Phonological processing and short-term memory were investigated in a patient with slowly progressive anarthria. The patient, who had an auditory-verbal span in the lower unimpaired range, showed preserved phonological similarity and word length effects with auditory presentation. These phonological effects of immediate retention were absent with visual input. The patient was also unable to perform phonological judgments on written verbal material. Under unattended speech interference her visual span improved, with an increase of visual confusion errors. In the light of a model including a main auditory-verbal storage component (the phonological short-term input store, STS), and a rehearsal process, that, after phonological recoding, conveys visually presented verbal material to the phonological STS, the patient's pattern of impairment is interpreted as a selective deficit in the process of phonological recoding. This prevents visual-verbal material from accessing the phonological STS, that is, therefore, insulated from visual inputs.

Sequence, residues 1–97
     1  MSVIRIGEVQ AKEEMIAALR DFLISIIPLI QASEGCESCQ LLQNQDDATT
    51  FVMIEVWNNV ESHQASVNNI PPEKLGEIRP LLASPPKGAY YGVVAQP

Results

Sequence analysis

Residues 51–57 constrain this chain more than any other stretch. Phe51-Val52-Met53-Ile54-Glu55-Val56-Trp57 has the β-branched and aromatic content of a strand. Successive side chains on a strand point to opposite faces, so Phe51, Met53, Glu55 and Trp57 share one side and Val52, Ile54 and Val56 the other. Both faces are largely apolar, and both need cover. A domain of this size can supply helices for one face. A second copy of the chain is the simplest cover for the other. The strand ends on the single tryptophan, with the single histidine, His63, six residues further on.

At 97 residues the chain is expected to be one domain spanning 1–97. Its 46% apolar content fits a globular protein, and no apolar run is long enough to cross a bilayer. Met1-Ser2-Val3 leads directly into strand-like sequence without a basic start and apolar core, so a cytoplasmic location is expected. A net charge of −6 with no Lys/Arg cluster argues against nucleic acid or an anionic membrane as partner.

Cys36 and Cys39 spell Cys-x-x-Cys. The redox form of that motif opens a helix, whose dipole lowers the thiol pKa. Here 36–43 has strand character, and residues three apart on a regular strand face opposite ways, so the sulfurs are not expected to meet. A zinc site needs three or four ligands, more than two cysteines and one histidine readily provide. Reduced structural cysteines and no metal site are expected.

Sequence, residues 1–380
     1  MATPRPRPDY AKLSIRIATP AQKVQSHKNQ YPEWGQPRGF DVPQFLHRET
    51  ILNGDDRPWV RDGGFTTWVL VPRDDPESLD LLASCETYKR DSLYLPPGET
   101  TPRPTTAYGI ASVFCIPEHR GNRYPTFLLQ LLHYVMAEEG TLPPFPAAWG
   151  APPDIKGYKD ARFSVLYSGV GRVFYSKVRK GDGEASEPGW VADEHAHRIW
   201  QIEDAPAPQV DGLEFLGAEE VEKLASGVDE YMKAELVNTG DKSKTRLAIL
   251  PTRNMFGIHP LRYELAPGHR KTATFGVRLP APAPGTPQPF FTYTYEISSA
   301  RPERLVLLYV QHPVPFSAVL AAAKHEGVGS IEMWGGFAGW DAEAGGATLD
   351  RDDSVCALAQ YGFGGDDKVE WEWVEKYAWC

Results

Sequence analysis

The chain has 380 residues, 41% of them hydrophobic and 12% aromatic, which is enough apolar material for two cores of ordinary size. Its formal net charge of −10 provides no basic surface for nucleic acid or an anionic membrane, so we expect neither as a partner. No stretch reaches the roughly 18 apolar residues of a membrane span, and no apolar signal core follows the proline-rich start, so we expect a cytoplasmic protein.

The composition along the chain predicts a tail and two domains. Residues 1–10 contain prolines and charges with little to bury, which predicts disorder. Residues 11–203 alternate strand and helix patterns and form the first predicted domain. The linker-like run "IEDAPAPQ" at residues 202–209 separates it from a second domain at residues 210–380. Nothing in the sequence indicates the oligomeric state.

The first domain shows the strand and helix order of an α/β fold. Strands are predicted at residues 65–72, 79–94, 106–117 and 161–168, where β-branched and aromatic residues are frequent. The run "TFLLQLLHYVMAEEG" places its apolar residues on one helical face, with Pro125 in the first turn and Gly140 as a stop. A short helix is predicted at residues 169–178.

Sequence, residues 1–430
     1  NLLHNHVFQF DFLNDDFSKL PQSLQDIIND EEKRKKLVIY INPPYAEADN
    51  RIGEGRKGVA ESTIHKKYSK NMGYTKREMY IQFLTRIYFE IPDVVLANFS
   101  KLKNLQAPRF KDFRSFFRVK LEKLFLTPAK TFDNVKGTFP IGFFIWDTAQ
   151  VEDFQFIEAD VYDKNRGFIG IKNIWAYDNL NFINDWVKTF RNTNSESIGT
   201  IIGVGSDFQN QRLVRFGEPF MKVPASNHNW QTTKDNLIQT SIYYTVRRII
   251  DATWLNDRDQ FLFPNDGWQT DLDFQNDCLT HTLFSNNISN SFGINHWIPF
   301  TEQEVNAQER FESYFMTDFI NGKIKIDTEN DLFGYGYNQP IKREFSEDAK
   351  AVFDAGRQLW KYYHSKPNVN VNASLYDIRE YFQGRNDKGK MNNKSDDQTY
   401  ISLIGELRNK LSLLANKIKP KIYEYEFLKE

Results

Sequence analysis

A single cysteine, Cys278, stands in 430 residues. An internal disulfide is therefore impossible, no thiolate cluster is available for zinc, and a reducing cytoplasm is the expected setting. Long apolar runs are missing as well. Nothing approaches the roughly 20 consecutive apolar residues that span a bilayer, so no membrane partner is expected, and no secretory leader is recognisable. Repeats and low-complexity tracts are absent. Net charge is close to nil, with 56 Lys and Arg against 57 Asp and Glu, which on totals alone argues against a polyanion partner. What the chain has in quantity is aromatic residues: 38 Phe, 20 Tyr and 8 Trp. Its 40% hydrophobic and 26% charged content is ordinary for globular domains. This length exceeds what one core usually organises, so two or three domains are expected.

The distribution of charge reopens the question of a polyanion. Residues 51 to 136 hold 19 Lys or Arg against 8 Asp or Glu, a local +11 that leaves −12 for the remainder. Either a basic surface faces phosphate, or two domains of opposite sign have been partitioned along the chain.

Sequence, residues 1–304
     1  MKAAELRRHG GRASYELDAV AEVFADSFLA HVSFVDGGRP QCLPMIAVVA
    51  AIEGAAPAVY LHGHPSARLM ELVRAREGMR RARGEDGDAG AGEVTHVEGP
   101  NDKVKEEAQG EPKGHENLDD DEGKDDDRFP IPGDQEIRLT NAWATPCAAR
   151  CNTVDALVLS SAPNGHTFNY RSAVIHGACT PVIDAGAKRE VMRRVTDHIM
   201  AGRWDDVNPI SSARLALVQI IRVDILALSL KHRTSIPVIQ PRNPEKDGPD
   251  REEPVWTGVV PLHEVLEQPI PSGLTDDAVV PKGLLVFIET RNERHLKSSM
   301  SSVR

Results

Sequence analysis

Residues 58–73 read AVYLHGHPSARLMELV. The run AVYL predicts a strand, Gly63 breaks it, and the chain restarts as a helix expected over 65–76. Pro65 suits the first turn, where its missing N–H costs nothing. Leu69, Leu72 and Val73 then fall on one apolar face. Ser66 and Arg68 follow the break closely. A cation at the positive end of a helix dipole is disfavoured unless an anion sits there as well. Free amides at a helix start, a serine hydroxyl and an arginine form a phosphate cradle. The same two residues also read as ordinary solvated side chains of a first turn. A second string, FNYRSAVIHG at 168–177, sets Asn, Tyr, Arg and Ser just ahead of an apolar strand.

- Unattended speech
- Verbal short-term memory
ASJC Scopus subject areas
- Experimental and Cognitive Psychology
- Neuropsychology and Physiological Psychology
- Cognitive Neuroscience
- Clinical Neurology